Mercer’s 2012/2013 U.S. Compensation Planning Survey includes responses from more than 1,500 mid-size and large employers across the U.S. and reflects pay practices for more than 12 million workers. It shows that the average raise in base pay for workers in the U.S. is expected to be 2.9 percent in 2013, up slightly from 2.7 percent in 2012 and 2011, and 2.3 percent in 2010.

These expectations are in line with a recent forecast by Hay Group, a pay consultancy, showing an average 3 percent salary budget increase for 2013, the same as WorldatWork’s recent findings

Mercer noted that companies plan bigger increases for top-performing employees—8 percent of the workforce—as they strive to balance compensation planning budgets with retention of critical talent.

The survey shows:

The highest-performing employees received average base pay increases of 4.4 percent in 2012.

This compares to 2.4 percent for average performers (54 percent of the workforce) and 0.1 percent for the weakest performers (2 percent of the workforce).

“As employers strive to balance the need to retain key talent with their financial budgets, they are segmenting their workforce and focusing on identifying and recognizing high-potential employees,” Catherine Hartmann, a principal with Mercer’s rewards consulting business, told the press.

“Differentiating salary increases based on performance is the norm and remains an effective way for employers to wisely spend their reward dollars on the most impactful employees,” added Mike Burniston, leader of Mercer's human capital consulting business for the U.S. and Canada. “Since many companies are still working with limited dollars, taking a holistic approach to total rewards using internal workforce analytics as well as external market data to set appropriate programs for each employee segment is the smart approach.”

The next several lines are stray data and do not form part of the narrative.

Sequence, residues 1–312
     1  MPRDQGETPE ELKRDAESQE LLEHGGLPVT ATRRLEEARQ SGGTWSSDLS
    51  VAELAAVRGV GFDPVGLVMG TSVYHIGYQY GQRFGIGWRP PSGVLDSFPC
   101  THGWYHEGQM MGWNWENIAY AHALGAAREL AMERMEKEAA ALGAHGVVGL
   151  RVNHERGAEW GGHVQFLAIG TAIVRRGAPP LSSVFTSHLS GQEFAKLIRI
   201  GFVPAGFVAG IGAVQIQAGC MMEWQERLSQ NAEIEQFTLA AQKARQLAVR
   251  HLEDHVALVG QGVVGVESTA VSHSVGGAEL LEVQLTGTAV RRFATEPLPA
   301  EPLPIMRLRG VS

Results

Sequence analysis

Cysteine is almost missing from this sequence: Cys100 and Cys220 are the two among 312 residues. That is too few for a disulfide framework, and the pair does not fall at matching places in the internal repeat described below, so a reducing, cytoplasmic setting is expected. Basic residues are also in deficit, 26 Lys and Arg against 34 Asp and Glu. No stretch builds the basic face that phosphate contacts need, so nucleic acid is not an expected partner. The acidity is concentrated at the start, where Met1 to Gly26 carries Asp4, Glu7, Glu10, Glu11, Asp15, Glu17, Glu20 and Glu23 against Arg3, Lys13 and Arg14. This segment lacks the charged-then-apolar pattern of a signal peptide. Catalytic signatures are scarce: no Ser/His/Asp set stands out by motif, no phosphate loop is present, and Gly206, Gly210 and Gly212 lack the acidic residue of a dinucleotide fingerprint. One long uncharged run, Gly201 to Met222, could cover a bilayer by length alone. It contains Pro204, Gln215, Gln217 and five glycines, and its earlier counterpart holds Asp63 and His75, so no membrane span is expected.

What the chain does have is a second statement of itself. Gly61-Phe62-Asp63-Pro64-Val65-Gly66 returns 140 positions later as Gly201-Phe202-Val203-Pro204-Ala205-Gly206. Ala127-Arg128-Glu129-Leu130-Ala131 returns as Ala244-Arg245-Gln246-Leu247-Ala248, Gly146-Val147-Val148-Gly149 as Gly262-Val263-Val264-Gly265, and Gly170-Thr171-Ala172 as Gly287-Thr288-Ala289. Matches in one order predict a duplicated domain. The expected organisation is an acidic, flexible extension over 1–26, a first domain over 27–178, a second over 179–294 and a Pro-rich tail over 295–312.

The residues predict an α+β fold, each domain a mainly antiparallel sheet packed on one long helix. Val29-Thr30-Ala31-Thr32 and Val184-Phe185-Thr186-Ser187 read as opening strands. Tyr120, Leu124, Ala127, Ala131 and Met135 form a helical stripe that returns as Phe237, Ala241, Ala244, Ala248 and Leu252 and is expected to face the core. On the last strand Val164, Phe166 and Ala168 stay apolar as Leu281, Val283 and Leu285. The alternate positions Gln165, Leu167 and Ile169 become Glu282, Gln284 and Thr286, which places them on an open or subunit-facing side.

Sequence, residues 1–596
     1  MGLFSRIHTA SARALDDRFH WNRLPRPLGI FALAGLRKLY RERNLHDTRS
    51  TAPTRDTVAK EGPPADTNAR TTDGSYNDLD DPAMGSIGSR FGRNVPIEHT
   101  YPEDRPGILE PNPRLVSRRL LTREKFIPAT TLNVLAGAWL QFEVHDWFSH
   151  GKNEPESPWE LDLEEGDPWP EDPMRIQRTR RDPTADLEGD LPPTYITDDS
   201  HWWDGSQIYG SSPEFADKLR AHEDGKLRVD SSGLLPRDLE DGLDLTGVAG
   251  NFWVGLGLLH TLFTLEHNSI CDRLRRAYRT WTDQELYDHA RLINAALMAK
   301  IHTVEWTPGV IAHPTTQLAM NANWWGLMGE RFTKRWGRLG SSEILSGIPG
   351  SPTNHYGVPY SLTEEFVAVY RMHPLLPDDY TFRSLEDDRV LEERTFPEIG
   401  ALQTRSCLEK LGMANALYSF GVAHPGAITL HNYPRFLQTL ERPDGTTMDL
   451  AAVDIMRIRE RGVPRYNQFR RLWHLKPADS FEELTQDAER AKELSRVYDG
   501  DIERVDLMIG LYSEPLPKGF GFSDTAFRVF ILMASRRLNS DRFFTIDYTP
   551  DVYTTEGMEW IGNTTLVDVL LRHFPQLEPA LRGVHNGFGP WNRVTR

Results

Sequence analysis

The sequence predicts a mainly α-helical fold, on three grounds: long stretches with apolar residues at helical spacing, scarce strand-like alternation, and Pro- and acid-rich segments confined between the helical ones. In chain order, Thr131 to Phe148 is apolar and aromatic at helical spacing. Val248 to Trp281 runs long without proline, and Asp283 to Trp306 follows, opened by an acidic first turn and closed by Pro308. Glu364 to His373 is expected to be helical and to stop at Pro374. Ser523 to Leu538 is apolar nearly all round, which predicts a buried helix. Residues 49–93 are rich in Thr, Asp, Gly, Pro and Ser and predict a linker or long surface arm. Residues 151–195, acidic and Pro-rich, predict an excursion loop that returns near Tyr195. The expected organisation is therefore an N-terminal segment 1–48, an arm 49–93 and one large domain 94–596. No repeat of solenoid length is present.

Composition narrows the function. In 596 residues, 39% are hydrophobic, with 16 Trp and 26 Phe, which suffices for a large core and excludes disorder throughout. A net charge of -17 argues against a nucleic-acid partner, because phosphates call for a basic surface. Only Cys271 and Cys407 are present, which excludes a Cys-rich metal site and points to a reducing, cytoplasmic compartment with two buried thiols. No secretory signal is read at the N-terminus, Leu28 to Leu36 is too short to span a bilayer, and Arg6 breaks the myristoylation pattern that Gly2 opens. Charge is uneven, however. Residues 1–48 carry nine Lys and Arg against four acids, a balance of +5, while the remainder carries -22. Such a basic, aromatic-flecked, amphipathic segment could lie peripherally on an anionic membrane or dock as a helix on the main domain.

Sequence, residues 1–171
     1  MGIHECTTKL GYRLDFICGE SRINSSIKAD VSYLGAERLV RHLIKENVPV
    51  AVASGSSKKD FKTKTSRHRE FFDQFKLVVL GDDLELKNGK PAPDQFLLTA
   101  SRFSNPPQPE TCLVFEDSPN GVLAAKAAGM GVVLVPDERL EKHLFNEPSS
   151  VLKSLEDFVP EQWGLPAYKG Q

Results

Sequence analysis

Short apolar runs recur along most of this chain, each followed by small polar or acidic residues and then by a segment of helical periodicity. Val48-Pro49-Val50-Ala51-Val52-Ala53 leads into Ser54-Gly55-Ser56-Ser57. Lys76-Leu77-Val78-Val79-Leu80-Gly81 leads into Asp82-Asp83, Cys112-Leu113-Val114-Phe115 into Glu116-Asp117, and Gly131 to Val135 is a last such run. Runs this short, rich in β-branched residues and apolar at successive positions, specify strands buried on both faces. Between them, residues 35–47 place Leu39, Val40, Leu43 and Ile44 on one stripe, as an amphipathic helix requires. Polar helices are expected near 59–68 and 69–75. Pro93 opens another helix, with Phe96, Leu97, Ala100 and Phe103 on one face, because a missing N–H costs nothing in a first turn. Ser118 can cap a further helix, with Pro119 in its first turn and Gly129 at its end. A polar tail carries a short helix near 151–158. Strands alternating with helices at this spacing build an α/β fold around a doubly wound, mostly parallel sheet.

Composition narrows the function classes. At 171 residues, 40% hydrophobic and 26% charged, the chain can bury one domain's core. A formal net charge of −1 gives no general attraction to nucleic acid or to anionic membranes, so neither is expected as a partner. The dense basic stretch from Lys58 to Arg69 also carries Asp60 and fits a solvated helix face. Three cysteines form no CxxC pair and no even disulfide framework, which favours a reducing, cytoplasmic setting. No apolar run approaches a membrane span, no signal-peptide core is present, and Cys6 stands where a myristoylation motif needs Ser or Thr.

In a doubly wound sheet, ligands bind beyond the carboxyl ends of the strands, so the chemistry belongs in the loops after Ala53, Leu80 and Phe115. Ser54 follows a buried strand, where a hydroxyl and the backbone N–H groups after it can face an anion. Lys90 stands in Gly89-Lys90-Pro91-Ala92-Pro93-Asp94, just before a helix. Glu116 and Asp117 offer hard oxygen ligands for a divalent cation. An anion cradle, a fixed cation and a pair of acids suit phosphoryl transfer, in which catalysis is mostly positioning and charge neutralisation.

Factors Influencing Pay Decisions

According to the survey, the top three factors influencing compensation decisions are:

Retaining talent (reported by 74 percent of respondents).

Strengthening their performance-based culture and delivering pay for performance (66 percent).

Acquiring talent (57 percent). 

Stephen Miller, CEBS, is an online editor/manager for SHRM.

Related SHRM Articles:

Spending on Performance-Based Awards Remains Strong, SHRM Online Compensation Discipline, August 2012

Forecasted 2013 U.S. Base Salary Increases Remain Stable, SHRM Online Compensation Discipline, July 2012

United States Trails for Projected 2013 Salary Budget Increases, SHRM Online Compensation Discipline, July 2012

38% of U.S. Workers Aren’t Betting on Above-Inflation Raises, SHRM Online Compensation Discipline, July 2012

Make Way for Variable Pay, SHRM Online Compensation Discipline, June 2012

Incentive Pay Tips and Pitfalls Shared, SHRM Online Compensation Discipline, June 2012

Reward Strategies Should Target Key Talent, SHRM Online Compensation Discipline, May 2012

Quick Links:

SHRM Online Compensation Discipline

SHRM Salary Survey Directory

SHRM Compensation Data Center

SHRM Metro Economic Outlook reports

Sign up for SHRM’s free Compensation & Benefits e-newsletter

Copyright Image Obtain reuse/copying permission